Jimmy (Phil Daniels) is a young Mod looking for pills, thrills and a sense of identity in 60s London. His increasing reliance on the buzz provided by the gang mentality of his friends reaches its height in the Brighton Bank Holiday confrontations with the Rockers. An inevitable comedown follows when he is expected to return to the plodding banality of everyday life.
Franc Roddam's terrifically energetic movie, set to music from the Who's Quadrophenia, is--at the very least, the best film ever based on a rock album (and, yes, that includes, Tommy, Pink Floyd: The Wall
, and Jesus Christ Superstar
). Actually, this tale of the battle between two early '60s youth subcultures--Mods and Rockers--in the seaside teenage wasteland of Brighton, England, isn't so much a cinematic "version" of the Who's 1979 double-record rock opera as it is a story based on the sequence of songs on the album. Quadrophenia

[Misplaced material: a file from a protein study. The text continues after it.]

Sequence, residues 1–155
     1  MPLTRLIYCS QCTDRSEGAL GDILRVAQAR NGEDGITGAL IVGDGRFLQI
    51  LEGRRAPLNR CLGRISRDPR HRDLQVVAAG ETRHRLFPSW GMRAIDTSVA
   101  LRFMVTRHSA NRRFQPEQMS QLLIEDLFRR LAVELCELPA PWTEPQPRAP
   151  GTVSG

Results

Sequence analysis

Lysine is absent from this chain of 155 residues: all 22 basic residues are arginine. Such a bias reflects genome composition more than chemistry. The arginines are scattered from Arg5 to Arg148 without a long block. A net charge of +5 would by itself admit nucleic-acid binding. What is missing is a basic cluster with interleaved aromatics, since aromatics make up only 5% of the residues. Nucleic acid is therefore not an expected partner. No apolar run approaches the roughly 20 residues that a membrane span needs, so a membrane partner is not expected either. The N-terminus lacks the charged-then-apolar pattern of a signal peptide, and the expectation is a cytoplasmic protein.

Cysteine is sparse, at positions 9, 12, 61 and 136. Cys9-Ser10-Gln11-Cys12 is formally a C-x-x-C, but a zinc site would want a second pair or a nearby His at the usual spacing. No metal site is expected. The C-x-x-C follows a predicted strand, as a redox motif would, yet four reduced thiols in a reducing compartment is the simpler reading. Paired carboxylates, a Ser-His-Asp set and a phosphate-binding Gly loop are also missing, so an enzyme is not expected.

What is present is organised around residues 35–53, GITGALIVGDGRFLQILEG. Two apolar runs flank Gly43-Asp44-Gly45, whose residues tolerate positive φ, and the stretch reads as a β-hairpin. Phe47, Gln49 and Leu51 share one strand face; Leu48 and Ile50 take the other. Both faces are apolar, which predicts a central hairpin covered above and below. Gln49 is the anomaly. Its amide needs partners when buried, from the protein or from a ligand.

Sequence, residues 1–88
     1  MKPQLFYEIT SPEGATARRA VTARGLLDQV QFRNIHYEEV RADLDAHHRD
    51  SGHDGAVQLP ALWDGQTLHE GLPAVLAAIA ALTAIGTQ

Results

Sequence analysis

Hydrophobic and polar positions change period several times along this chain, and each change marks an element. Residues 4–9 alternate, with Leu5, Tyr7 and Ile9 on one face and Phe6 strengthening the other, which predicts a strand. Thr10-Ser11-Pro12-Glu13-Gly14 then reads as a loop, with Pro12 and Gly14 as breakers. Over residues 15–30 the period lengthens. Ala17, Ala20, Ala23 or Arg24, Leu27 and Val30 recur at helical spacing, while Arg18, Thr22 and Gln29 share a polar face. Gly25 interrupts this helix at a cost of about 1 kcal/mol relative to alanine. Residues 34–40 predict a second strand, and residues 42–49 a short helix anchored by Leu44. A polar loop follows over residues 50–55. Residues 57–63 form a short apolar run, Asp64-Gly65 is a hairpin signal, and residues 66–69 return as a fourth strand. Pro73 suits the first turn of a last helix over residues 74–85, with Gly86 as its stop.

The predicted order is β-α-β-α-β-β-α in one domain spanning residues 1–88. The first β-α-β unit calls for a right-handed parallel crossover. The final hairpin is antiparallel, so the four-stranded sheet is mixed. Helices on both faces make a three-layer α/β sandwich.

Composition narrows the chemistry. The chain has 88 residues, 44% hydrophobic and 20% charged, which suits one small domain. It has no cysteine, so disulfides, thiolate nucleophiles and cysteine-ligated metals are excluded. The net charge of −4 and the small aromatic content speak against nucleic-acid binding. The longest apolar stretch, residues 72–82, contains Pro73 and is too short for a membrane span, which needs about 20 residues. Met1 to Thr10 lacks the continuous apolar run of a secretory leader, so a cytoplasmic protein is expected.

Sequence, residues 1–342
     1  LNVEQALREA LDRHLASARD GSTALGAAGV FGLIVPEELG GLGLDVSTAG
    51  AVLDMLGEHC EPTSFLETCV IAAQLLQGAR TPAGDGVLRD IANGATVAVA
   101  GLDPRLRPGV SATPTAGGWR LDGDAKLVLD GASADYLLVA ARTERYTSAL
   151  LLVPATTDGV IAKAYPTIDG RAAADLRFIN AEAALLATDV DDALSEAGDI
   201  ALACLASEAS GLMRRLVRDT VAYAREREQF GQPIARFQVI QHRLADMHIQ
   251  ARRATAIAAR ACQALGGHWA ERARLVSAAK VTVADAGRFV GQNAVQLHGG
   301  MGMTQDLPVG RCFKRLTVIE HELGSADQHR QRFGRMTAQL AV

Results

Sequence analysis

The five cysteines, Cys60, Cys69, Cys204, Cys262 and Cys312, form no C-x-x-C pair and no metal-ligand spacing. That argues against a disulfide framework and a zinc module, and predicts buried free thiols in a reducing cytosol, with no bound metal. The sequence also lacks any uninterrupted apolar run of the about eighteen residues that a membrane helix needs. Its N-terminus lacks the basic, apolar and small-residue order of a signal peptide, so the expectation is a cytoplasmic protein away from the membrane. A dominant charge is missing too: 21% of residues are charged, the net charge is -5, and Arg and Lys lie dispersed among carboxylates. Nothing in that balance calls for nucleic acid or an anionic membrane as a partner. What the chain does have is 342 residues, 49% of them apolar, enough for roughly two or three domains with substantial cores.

is about that crucial time in teenhood when the lion's share of your sense of identity is tied up in the music you listen to, the clothes you wear, and the groups you hang out with. Jimmy (Phil Daniels) identifies himself with the sharp-dressing, scooter-riding Mods, who listen to American soul and British pop-rock (The Who themselves were once rather Mod). The Rockers, on the other hand, are leather-jacketed, black-booted, motorcycle-riding tough guys who listen primarily to classic American rock & roll. The film captures this minor pop-culture revolution perfectly. Look for Sting as a club-hopping slickster, who's shameful secret is that he's a hotel bellboy by day. --Jim Emerson